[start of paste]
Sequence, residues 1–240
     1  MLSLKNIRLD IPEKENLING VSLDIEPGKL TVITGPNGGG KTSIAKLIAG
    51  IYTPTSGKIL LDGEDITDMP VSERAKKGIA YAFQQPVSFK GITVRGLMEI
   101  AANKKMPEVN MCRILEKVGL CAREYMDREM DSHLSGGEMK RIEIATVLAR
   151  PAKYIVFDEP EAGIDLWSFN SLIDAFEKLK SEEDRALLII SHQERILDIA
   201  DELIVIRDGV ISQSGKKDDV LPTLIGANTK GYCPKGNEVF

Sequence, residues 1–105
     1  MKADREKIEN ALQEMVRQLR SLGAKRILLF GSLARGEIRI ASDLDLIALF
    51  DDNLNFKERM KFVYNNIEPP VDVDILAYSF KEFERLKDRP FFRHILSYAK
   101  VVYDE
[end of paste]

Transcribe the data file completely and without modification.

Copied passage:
Sequence, residues 1–240
     1  MLSLKNIRLD IPEKENLING VSLDIEPGKL TVITGPNGGG KTSIAKLIAG
    51  IYTPTSGKIL LDGEDITDMP VSERAKKGIA YAFQQPVSFK GITVRGLMEI
   101  AANKKMPEVN MCRILEKVGL CAREYMDREM DSHLSGGEMK RIEIATVLAR
   151  PAKYIVFDEP EAGIDLWSFN SLIDAFEKLK SEEDRALLII SHQERILDIA
   201  DELIVIRDGV ISQSGKKDDV LPTLIGANTK GYCPKGNEVF

Sequence, residues 1–105
     1  MKADREKIEN ALQEMVRQLR SLGAKRILLF GSLARGEIRI ASDLDLIALF
    51  DDNLNFKERM KFVYNNIEPP VDVDILAYSF KEFERLKDRP FFRHILSYAK
   101  VVYDE